Sally Cawood and Md. Fazle Rabby
9 From Collegiality to Gatekeeping: Modes of Everyday Governance in Old Fadama, Accra
10 Violent Militancy or Mended Masculinities? Oil and the (Re) Making of Men in the Niger Delta
11 Understanding the Make-Up of Community in Basic Service Delivery Projects: Retrospective Analysis of a Coproduction in Dar es Salaam
Wilbard J. Kombe, Alphonce G. Kyessi, and Tatu M. Limbumba
PART 3 Mapping the Space of Possibility for Just Urban Development
12 (Re-)Constructing Disability through Research: Methodological Challenges of Intersectional Research in Informal Urban Settlements
Julian Walker and Ignacia Ossul-Vermehren
13 Intersectionality Aspects of Community Energy in Urban Areas: Challenges and Conflict Resolution Methodologies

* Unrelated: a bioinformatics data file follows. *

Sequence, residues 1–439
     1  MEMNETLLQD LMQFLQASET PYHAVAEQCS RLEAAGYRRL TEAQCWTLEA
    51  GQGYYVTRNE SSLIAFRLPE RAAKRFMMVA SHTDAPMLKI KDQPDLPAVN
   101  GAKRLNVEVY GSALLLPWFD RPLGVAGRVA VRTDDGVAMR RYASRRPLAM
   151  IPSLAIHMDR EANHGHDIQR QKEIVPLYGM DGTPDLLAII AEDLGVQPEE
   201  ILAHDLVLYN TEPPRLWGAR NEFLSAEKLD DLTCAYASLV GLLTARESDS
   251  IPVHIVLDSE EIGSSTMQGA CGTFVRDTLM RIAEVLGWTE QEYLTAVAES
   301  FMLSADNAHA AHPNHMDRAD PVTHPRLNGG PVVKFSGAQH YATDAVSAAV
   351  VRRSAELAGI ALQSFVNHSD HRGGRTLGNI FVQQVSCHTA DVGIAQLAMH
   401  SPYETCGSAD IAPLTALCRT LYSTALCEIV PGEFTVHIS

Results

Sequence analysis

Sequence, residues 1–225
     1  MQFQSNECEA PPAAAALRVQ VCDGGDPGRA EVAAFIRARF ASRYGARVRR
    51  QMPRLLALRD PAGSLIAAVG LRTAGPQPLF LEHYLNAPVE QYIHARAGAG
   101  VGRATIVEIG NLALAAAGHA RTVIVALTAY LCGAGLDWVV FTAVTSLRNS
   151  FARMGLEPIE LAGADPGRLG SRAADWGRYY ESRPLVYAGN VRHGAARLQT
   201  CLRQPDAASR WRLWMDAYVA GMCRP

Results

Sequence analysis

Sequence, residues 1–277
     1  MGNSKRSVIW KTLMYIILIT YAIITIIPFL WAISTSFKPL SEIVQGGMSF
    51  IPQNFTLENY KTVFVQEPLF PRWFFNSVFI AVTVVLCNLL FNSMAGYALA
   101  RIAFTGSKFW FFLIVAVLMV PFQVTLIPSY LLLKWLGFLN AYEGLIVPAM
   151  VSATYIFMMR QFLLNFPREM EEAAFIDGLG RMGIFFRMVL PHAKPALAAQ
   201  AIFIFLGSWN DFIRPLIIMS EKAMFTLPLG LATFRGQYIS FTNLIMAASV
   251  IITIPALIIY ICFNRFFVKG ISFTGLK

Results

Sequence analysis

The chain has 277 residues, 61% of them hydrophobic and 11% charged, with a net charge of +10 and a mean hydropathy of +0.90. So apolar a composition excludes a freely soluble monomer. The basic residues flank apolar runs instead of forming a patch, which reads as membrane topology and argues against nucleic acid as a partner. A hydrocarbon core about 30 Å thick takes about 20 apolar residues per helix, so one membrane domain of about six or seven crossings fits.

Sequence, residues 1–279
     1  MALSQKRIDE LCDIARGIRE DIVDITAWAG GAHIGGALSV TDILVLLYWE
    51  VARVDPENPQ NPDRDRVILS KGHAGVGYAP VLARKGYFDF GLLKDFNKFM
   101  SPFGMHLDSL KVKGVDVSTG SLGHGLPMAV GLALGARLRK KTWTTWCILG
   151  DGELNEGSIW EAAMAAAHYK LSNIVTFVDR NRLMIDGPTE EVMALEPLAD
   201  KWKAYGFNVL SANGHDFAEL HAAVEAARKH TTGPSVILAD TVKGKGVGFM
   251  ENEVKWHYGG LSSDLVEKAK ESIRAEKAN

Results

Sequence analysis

Enora Robin and Vanesa Castán Broto
14 Participatory Design and Diversity: Addressing Vulnerabilities through Social Infrastructure in a Lebanese Town Hosting Displaced People
Andrea Rigon, Joana Dabaj, and Hanna Baumann
Conclusion: Recognizing Intersectional Identities in Inclusive Urban Development
Caren Levy, Andrea Rigon, and Vanesa Castán Broto
Andrea Rigon is an Associate Professor at the Bartlett Development Planning Unit of University College London and a founder of the Sierra Leone Urban Research Centre. His professional and research work focuses on how power relations affect the participation of different people and social groups in decision-making processes. He is particularly interested in how residents’ participation is managed within urban development projects, particularly in informal settlements, and what the effects are on in/equality and social exclusion. He has worked to include an intersectional perspective into participatory design and to incorporate participatory approaches in the drafting and implementation of the Sustainable Development Goals. His latest project was about co-designing built interventions with children affected by displacement.